“If God were not Trinity, how could we know about God? We could learn about God through the creation but that means that knowledge of God would only come to us through what is not God. Alternatively, our knowledge of God could, somehow, be imposed directly by God, bypassing human cooperation. But the Trinitarian God is able to hold together transcendence and immanence because this God is already outpouring and returning relationship, in God’s very being”.

I wasn’t the only person for whom this made little or no sense. Knowledge of God always comes to us through what is not God, just as knowledge of everything comes through sense-impressions which are never the things-in-themselves. Arguably there is an exception if there is some form of direct revelation. But, of course, we assume direct revelation in the concept of the inspiration of scripture and pray for it ourselves when we ask for God’s wisdom and guidance.

We do not feel drawn to say that everything we come to know in the outside world is therefore Trinity, because otherwise we could not know it – my computer, for instance, is obviously much more than three, being possessed by Legion (it let me down printing yesterday and has crashed once during the writing of this post so far, so please forgive the anthropomorphic vitriol…). No, in fact it’s for these purposes one, albeit an unity composed of very many parts.

It seems to me that Ms. Williams fails to take account adequately of the experience of the immanence of God, whereas in a sense Mr. Robinson does at least mention an avenue in that direction (the pantheist). Is this surprising? I don’t think so – in discussion, some indicated that they didn’t really relate to the immanent God at all, and I think most related better to the transcendent God. In a less committed and less Charismatic-leaning group, I would have expected most if not all not to relate to the immanence of God at all.

This is not a new experience for me; I have regularly found myself talking with transcendence-only people over the years, and have not infrequently come over as an immanence-only person myself (For many years I used, irritatingly, to say that I didn’t need to believe in God because I experienced God). It is, of course, possible for philosophers to deduce the existence of a God (Aquinas is famous for it!), although I have never been very convinced of their lines of reasoning. The thing is, they always seem to end up with a transcendent God; the immanent God is, it seems, only accessible to direct experience.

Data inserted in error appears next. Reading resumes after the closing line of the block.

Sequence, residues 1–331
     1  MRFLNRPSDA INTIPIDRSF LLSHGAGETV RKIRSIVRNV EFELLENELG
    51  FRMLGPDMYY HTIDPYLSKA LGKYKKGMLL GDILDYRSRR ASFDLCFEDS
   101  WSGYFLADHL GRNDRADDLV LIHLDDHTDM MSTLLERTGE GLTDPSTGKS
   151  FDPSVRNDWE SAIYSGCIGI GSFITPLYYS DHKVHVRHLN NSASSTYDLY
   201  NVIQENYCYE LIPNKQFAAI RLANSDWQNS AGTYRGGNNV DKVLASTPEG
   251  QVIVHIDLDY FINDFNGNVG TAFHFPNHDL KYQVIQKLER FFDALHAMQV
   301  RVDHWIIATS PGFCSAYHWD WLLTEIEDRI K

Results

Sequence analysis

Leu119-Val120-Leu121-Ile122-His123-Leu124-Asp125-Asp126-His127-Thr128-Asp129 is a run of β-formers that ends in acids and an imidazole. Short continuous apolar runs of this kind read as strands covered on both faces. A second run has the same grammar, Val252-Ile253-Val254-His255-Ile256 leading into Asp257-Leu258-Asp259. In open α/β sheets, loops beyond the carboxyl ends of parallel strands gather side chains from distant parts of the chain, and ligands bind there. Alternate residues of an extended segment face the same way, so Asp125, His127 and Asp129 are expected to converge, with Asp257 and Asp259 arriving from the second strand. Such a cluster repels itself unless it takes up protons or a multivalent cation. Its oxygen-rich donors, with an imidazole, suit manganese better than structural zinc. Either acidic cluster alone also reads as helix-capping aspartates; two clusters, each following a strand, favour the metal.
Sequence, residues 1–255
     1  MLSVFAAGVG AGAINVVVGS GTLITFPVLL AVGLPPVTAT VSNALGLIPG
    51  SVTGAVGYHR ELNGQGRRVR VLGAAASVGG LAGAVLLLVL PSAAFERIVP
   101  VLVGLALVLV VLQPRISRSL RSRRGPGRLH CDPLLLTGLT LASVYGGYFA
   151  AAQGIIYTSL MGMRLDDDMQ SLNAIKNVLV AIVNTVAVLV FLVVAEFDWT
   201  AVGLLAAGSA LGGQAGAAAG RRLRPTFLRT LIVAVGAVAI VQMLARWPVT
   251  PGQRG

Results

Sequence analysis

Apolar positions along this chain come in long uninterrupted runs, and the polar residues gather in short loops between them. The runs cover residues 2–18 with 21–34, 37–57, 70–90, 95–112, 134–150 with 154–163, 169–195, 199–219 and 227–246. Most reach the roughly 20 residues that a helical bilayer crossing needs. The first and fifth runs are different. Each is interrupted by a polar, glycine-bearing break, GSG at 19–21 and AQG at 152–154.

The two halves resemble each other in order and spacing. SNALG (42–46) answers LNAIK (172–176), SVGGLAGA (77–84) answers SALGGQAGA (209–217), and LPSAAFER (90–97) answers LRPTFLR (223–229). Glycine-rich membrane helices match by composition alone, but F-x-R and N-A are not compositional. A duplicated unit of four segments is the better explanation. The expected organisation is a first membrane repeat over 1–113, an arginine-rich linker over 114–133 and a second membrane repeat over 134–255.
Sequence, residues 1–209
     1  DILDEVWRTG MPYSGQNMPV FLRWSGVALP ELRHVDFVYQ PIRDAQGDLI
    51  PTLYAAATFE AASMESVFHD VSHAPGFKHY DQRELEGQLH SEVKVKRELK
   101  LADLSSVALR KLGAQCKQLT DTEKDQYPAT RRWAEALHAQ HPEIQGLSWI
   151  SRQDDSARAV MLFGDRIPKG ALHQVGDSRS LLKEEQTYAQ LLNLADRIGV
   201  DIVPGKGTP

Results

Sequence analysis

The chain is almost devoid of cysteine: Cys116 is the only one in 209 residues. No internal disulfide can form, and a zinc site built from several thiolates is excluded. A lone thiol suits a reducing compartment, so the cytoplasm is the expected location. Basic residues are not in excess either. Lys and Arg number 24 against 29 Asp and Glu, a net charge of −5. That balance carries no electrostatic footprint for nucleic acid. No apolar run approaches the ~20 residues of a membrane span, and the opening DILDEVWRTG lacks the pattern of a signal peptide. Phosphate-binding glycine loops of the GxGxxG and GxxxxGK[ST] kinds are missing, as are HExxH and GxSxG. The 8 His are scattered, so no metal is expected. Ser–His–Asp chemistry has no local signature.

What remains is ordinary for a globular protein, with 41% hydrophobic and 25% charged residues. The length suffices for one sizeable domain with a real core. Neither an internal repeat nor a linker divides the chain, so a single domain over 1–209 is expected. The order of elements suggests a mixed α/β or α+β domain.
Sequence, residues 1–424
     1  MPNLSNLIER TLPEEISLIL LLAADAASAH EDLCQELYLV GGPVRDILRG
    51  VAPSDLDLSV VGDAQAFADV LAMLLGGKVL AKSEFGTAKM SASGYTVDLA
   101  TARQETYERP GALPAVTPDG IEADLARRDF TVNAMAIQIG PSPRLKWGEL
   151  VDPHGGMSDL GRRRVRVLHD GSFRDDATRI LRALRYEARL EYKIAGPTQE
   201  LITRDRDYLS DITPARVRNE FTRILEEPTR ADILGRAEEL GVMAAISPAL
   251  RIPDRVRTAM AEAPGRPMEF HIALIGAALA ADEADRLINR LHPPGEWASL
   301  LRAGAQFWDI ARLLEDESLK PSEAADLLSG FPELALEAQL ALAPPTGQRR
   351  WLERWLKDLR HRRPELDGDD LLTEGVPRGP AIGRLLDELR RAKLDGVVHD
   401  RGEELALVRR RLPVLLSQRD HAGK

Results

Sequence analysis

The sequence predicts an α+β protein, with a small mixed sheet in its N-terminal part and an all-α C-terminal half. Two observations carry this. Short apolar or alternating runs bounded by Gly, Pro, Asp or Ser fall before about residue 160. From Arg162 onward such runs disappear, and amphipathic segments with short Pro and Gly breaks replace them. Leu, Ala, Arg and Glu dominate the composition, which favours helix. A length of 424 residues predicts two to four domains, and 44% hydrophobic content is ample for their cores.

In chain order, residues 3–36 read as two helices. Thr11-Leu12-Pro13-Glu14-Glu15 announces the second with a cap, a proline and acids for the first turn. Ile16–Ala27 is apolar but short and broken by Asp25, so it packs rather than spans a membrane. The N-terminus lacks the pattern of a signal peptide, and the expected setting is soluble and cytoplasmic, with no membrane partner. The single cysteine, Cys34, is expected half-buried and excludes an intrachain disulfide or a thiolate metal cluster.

Direct experience can also tell us that God is transcendent – but that is as far as experience can go, because transcendence is, I think, intrinsically impossible for the human consciousness to grasp. Human consciousness can become open to transcendence, but if my own experience is anything to go by, such occasions are fleeting because the mind recoils before the immensity of that which it cannot contain.

Immanence, however, is a different matter. Immanence collapses the transcendent into the real, the material (insofar as these are actually knowable, considering the general problem outlined above, they are far more readily knowable than the transcendent). It is, I think, what Jesus does in the Great Commandments; love of God has no practical form (there’s worship, but it’s hard to see that that is any benefit to God when conceived of as purely transcendent) but love of neighbour is how we can express that love in a practical way. It is, again arguably, what God does in Jesus; the incarnation shows God via the person, life and sayings of a real person, which allows Whitehead to say “God has to be at least as nice as Jesus”.

Of course, there is at root a philosophical problem, that of how the transcendent can be known at all. A more conventional approach to this in Christianity than Ms. Williams appears to be pursuing is to take Jesus/Christ (and I use the / to advert to the man/god duality of Christ which is orthodox Christianity) as the one and only possible mediator, being the intersection of the transcendent-only (in this conception) God with the immanent-only (in this conception) humanity. This agrees, for instance, with John 1:18, Col. 1:15 and in a different sense with the general argument of Hebrews, where Christ becomes in heaven a priestly figure of mediation. I will come back to this. I don’t actually think Ms. Williams is correct in saying that you need a concept of trinity in order to express this; incarnation by itself, it seems to me, does the job more clearly.

In a further coincidence later (much later, i.e. 2 in the morning) I found myself involved in an online exposition and some discussion through a Homebrewed Christianity course of Frank Tupper’s essay “The Self-Limitation of God”. (You may need to subscribe in order actually to read it, unfortunately). As you might gather from the title, Tupper puts forward a concept of God as creator having limited himself in order to allow human freedom and, indeed, the freedom of the rest of creation. Tupper is trying to address two problems there, the first being of theodicy (or, how an omnipotent and omniscient God can allow evil and suffering), the second being the manifest lack of interventionary action of God in the world as we observe it. This is in principle attractive to me, as someone who has major difficulty with supernatural interventions of any kind, being methodologically if not philosophically a naturalist (i.e. I expect to find natural answers to anything which I observe).